WASHINGTON (Reuters) - The U.S. Supreme Court stopped gay marriage in Virginia from going ahead on Wednesday, staying an appeals court ruling that had struck down a state ban.
The court granted a stay application filed by opponents of gay marriage. The action was not a ruling on the merits of gay marriage, but means that a July 28 pro-gay marriage ruling by the Richmond, Virginia-based 4th U.S. Circuit Court of Appeals will not be implemented while litigation continues.
The high court issued its brief order less than 24 hours before gay and lesbian couples in Virginia could have begun applying for marriage licenses.
The Supreme Court issued a similar order in January blocking gay marriage from going ahead in Utah. So the court’s order on the Virginia law was not wholly unexpected.
In light of a string of recent lower court rulings that have struck down state bans on gay marriage, the Supreme Court is expected to take up at least one case on the issue in its coming term, which starts in October and ends in June.
Three cases already are pending at the court that the justices can choose from, and whichever one they choose would likely be the most momentous civil rights case in years. The three cases involve fights over the bans in Virginia, Utah and Oklahoma.
Michele McQuigg, Prince William County clerk of court, had filed the Virginia stay application last week, seeking to prevent the appeals court ruling from going into effect.
“The Supreme Court acted wisely in restraining the lower court from implementing a ruling of this magnitude before the high court has a chance to decide the issue,” Byron Babione, a lawyer for McQuigg, said in a statement.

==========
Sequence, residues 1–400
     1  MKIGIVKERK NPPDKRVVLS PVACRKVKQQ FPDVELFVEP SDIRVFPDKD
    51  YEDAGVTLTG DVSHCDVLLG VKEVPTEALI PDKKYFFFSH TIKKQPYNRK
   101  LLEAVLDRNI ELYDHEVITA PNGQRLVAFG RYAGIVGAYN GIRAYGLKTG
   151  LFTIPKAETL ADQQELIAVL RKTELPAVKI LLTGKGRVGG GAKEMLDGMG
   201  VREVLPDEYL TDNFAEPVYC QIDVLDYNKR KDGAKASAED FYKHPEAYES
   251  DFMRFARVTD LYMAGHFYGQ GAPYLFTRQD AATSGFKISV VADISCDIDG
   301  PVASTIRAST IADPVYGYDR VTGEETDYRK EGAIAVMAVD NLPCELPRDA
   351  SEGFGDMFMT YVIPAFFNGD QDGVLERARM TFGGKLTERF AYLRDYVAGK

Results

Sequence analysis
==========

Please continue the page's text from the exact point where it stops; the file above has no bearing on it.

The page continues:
Virginia Attorney General Mark Herring, a Democrat who backs gay marriage, had argued in favor of the stay.
He told reporters on Wednesday he recognized that gay and lesbian couples wanting to get married in the state would be disappointed with the delay caused by the stay. But he said the Supreme Court should ”definitively answer the constitutional questions about marriage equality.”
A landmark court ruling also would prevent the possibility of legal confusion if gay marriage went ahead, but the state ban was later upheld by the Supreme Court, Herring said.
David Boies, a lawyer for one of the groups of gay and lesbian couples that filed the original legal challenge to the Virginia ban, said in a statement that he is confident the Supreme Court will ultimately “end the flagrant injustice of segregating Americans based on sexual orientation.”
Since a June 2013 ruling in the United States v. Windsor case struck down a federal law defining marriage as between one man and one woman, nearly 30 federal and state courts have ruled against bans on same-sex marriage at the state level. Only one court in the past 14 months has ruled in favor of a state ban.
Nineteen of the 50 U.S. states and the District of Columbia allow same-sex marriage.